SC among one of many states involved in legal battle in fight against opioid epidemic

VIDEO: SC among one of many states involved in legal battle in fight against opioid epidemic

CHARLESTON, S.C. (WCSC) - More than 2,000 state, local and tribal governments are trying to hold pharmaceutical companies accountable for their role in the opioid crisis.

County leaders and attorneys throughout the country have gotten involved in the National Prescription Opiate Litigation that is being coordinated in the Northern District of Ohio.

It includes hundreds of lawsuits have been filed in federal court.

The County Executives of the America Opioid Task Force, an association of county officials that represent the people, met on Thursday to talk about their role in the litigation.

The task force has pushed forward with litigation against the opioid industry over the last two and a half years in hopes of reaching some type of resolution or settlement.

They say that the national litigation is moving quickly, and the first trial is set for October.

The state is currently one of the hardest hit states in the epidemic.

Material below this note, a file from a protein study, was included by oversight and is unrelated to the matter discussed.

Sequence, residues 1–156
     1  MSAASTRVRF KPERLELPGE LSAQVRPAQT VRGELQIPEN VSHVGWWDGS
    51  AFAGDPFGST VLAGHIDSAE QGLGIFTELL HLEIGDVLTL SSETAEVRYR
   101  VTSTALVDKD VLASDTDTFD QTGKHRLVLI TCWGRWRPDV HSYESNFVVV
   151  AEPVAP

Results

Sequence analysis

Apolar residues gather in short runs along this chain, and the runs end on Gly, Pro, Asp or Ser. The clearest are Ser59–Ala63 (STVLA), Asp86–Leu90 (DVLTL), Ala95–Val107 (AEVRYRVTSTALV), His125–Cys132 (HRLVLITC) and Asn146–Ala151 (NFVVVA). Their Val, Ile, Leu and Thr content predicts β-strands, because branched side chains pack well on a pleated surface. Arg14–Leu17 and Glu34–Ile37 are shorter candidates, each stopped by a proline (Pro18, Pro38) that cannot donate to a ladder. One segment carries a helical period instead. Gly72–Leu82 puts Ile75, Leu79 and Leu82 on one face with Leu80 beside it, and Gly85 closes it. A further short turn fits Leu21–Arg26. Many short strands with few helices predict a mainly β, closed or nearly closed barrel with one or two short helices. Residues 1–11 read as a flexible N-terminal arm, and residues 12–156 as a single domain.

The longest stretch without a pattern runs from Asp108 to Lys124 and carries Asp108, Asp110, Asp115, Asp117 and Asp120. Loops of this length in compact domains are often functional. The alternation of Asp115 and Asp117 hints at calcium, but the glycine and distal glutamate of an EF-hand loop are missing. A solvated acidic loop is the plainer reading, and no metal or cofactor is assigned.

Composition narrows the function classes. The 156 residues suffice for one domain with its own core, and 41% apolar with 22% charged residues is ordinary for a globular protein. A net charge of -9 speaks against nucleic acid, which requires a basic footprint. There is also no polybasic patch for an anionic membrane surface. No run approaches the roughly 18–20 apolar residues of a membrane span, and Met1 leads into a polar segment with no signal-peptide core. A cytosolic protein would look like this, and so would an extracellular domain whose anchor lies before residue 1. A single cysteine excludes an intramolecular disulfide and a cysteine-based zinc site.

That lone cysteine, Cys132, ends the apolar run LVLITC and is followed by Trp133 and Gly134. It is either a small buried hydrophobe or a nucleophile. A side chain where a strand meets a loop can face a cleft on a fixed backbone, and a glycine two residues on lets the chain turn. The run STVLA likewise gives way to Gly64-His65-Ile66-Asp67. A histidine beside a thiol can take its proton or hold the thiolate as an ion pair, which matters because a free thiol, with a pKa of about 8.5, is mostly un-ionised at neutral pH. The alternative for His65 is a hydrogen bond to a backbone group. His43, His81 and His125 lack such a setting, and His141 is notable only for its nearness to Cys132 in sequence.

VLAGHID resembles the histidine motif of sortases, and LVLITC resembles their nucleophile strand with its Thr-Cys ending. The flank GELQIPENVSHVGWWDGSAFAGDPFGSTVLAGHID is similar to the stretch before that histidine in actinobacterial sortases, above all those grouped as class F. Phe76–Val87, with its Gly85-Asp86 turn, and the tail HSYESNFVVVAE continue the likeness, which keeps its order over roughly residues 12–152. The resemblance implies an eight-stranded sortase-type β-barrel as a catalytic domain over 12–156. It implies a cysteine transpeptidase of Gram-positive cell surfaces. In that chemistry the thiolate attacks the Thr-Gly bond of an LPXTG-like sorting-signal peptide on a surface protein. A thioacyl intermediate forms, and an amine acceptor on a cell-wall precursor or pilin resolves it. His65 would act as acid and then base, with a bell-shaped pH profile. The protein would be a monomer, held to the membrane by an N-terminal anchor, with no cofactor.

According to new data from the Drug Enforcement Administration, Charleston County gave out more pain pills than any other county in the country.

Joe Rice, a Mount Pleasant attorney leading the fight in the federal litigation which includes representing South Carolina. said the effects of these pills circulate throughout local communities.

“The opioids have affected our country on main street, in the schools, in the local hospitals, in local law enforcement,” he said.

That’s why officials are now trying to create a negotiation class, which would include every municipality fighting against the crisis into a discussion about a settlement.

This would give cities, towns, and parishes that chose to opt into the class, a chance at the negotiation table.

“The class has to vote 75 percent in favor of the settlement, and if we don’t have 75 percent then the people have spoken that the deal wasn’t fair,” Rice explained. “But if we do get 75 percent, we can give closure to one hundred percent of the problem in the country.”

Rice said he should find out whether or not a class action settlement would be possible sometime next month.

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